Carbon Capture and Storage (CCS) is a technology chain that forms a third pillar, along with renewable energy and energy efficiency, to reduce CO2 emissions to the atmosphere. It works by removing CO2 from the pre- or post-combustion exhaust gas of power stations and other industrial processes and injecting the CO2 into underground geological reservoirs of porous rock for permanent storage. While not eliminating our dependence on fossil fuels, it provides a bridging solution to mitigate the problem while renewable energy sources are developed to large-scale implementation.
from Zero Emissions Platform
GSI has participated in several CO2 storage projects in recent years:
SEAI Report, 2008: “Assessment of the Potential for Geological Storage of CO2 for the Island of Ireland” and the geological annex “Basin-by-basin analysis of CO2 storage potential of all-island Ireland” by Bentham, Kirk and Williams, British Geological Survey. This report, which took a generally positive view of the possible application of CCS in the Irish context, provided three main recommendations for further investigations of storage potential:
- develop the storage potential of the depleted Kinsale head gas field for emissions from Moneypoint and Cork Harbour
- investigate the storage potential of the Clare Basin adjacent to Moneypoint
- establish an ‘Irish Sea task force’ to assess storage potential in basins in the Irish Sea area
EPA study, 2010: Following the recommendation of the all-Island study, “An Assessment of the Potential for Geological Storage of CO2 in the Vicinity of Moneypoint, Co. Clare”, Farrelly et al. (2010) assessed the potential for geological storage of CO2 in hypothetical deep saline aquifers in the vicinity of Moneypoint, Co. Clare, through interpretation of existing and newly acquired data. The study concluded that the onshore portion of the Clare Basin in unsuitable for CO2 storage in saline aquifers.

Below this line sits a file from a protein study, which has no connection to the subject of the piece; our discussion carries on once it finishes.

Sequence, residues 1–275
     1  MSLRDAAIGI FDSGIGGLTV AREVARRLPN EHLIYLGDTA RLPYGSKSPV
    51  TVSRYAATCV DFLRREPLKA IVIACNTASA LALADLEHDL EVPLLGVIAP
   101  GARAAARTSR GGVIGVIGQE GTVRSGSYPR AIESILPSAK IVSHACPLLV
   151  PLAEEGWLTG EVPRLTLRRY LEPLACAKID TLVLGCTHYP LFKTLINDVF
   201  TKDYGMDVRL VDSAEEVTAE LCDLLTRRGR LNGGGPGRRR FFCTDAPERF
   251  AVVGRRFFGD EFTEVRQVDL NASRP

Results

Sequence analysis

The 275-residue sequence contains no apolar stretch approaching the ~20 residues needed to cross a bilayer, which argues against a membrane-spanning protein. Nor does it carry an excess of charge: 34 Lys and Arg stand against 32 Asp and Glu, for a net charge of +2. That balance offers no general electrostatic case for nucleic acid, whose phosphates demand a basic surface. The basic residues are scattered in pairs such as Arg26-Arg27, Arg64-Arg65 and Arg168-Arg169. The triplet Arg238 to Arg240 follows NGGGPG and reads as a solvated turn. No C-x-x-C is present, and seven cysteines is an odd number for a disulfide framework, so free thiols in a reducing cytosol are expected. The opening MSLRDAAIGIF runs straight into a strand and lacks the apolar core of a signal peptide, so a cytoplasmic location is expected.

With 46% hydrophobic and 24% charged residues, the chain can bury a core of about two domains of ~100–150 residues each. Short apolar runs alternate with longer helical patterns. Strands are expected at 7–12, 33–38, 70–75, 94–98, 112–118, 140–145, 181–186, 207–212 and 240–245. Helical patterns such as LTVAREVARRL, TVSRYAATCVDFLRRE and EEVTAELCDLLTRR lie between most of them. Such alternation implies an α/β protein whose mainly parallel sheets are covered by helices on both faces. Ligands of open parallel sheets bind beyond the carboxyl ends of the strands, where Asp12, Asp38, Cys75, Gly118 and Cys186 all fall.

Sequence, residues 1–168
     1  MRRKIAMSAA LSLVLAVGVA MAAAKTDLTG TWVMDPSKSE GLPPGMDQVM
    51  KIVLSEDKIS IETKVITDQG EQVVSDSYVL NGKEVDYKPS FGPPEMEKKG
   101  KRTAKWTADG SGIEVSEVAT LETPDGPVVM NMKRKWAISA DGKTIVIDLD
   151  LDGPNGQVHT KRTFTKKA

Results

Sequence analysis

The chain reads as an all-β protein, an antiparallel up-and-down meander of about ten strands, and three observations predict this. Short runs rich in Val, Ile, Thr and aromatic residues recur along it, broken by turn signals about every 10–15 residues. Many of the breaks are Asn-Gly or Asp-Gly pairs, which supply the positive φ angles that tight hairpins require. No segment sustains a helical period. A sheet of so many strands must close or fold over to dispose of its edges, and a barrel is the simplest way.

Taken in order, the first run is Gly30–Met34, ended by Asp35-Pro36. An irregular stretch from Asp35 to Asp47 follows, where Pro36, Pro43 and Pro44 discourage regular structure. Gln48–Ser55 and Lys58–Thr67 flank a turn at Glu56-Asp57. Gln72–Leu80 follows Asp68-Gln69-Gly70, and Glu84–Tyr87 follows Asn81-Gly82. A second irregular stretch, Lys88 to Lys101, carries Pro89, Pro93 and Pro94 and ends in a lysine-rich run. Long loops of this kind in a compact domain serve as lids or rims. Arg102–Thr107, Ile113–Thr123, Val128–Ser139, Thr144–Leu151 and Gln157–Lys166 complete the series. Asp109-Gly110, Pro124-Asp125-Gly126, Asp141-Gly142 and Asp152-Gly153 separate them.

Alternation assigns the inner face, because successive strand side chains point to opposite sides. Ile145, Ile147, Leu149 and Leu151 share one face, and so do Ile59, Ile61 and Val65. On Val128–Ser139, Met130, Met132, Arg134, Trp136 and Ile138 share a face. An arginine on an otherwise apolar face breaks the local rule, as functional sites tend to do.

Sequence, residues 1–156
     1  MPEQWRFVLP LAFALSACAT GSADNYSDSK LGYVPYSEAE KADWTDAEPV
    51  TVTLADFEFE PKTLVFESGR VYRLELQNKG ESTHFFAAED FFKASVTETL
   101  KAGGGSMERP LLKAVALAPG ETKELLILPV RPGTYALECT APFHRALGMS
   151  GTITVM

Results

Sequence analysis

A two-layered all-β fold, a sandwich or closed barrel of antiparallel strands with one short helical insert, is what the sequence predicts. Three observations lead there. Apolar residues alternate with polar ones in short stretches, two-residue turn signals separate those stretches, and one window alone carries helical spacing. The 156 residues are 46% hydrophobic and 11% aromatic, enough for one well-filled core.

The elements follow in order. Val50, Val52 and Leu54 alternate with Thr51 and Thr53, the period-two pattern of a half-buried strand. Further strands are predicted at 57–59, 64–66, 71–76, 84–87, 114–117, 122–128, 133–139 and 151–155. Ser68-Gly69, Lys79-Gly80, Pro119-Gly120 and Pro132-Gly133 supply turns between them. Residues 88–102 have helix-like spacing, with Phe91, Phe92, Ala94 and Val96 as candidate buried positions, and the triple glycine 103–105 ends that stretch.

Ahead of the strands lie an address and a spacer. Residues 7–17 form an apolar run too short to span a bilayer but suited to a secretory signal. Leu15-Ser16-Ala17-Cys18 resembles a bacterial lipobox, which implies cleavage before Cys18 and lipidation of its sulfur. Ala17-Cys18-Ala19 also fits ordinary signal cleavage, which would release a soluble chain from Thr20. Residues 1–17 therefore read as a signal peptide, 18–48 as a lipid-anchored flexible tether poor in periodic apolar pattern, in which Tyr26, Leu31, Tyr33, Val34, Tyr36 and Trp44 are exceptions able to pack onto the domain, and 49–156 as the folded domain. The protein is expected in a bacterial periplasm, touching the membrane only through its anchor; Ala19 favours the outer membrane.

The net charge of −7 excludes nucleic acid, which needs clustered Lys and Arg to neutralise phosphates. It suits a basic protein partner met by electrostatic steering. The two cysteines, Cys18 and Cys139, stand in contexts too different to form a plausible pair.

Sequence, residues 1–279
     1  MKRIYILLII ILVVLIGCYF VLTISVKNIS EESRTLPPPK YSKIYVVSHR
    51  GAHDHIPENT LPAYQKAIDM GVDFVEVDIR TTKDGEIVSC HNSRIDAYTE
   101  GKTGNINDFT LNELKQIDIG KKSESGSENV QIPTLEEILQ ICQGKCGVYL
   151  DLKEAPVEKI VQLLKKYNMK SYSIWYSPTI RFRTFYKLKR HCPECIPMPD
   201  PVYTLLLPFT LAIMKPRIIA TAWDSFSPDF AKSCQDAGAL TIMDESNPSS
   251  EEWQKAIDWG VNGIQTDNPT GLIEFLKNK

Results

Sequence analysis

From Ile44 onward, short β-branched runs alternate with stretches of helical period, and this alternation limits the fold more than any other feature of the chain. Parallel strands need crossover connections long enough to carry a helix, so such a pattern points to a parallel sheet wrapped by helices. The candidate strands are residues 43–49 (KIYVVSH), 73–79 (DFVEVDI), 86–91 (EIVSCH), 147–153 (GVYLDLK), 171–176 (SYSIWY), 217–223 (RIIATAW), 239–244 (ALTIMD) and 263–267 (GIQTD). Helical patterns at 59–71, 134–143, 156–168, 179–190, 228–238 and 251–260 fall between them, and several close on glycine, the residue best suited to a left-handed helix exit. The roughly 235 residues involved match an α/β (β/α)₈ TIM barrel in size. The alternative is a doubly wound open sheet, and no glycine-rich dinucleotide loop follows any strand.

Irish Sea study, 2014: GSI engaged in a joint project with the British Geological Survey (2012-2014), re-assessing shared saline aquifer basins in the Irish Sea. Extant seismic and well data were reassessed for the Central Irish Sea Basin and the northeastern part of the North Celtic Sea Basin. The study found that while well data are generally favourable, the basins studied are structurally complex, with a lot of faulting that compartmentalises potential reservoir units and there is no obvious large storage site identified yet. There is scope to extend this study to other basins that might be more favourable, particularly in the south Celtic Sea.
Irish Sea Carbon Capture and Storage project, final report - download
Appendix 2: An assessment of the potential for subsurface CO2 storage in two regions of the Central Irish Sea Basin - download
Appendix 3: An assessment of the potential for subsurface CO2 storage in the Celtic Sea Basin - download
Appendix 4: Transport and Consolidation Properties of the Mercia Mudstone - download
GSI was a member of the FP7 CGS Europe consortium and co-authored the Key Report on CO2 storage site selection.